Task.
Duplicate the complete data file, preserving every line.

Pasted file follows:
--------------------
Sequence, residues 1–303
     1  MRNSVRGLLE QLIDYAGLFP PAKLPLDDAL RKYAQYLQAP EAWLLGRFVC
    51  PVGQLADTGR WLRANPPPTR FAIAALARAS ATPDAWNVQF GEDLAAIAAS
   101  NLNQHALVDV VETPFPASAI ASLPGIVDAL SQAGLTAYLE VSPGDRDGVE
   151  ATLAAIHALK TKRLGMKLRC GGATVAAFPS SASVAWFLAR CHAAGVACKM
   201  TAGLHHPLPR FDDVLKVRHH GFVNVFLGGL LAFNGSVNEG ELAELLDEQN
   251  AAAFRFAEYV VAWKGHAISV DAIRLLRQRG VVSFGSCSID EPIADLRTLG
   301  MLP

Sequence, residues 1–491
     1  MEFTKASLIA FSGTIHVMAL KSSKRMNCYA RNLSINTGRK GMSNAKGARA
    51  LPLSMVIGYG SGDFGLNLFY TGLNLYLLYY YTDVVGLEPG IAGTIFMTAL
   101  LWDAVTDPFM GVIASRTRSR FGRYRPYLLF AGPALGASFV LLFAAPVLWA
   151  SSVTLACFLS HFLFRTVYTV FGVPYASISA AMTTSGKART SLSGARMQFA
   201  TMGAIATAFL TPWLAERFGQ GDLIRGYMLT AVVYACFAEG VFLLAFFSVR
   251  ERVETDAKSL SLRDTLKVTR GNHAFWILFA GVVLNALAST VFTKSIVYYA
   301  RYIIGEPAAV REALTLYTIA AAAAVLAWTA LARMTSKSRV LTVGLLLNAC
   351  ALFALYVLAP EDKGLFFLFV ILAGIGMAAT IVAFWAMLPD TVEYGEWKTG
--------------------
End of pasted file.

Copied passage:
Sequence, residues 1–303
     1  MRNSVRGLLE QLIDYAGLFP PAKLPLDDAL RKYAQYLQAP EAWLLGRFVC
    51  PVGQLADTGR WLRANPPPTR FAIAALARAS ATPDAWNVQF GEDLAAIAAS
   101  NLNQHALVDV VETPFPASAI ASLPGIVDAL SQAGLTAYLE VSPGDRDGVE
   151  ATLAAIHALK TKRLGMKLRC GGATVAAFPS SASVAWFLAR CHAAGVACKM
   201  TAGLHHPLPR FDDVLKVRHH GFVNVFLGGL LAFNGSVNEG ELAELLDEQN
   251  AAAFRFAEYV VAWKGHAISV DAIRLLRQRG VVSFGSCSID EPIADLRTLG
   301  MLP

Sequence, residues 1–491
     1  MEFTKASLIA FSGTIHVMAL KSSKRMNCYA RNLSINTGRK GMSNAKGARA
    51  LPLSMVIGYG SGDFGLNLFY TGLNLYLLYY YTDVVGLEPG IAGTIFMTAL
   101  LWDAVTDPFM GVIASRTRSR FGRYRPYLLF AGPALGASFV LLFAAPVLWA
   151  SSVTLACFLS HFLFRTVYTV FGVPYASISA AMTTSGKART SLSGARMQFA
   201  TMGAIATAFL TPWLAERFGQ GDLIRGYMLT AVVYACFAEG VFLLAFFSVR
   251  ERVETDAKSL SLRDTLKVTR GNHAFWILFA GVVLNALAST VFTKSIVYYA
   301  RYIIGEPAAV REALTLYTIA AAAAVLAWTA LARMTSKSRV LTVGLLLNAC
   351  ALFALYVLAP EDKGLFFLFV ILAGIGMAAT IVAFWAMLPD TVEYGEWKTG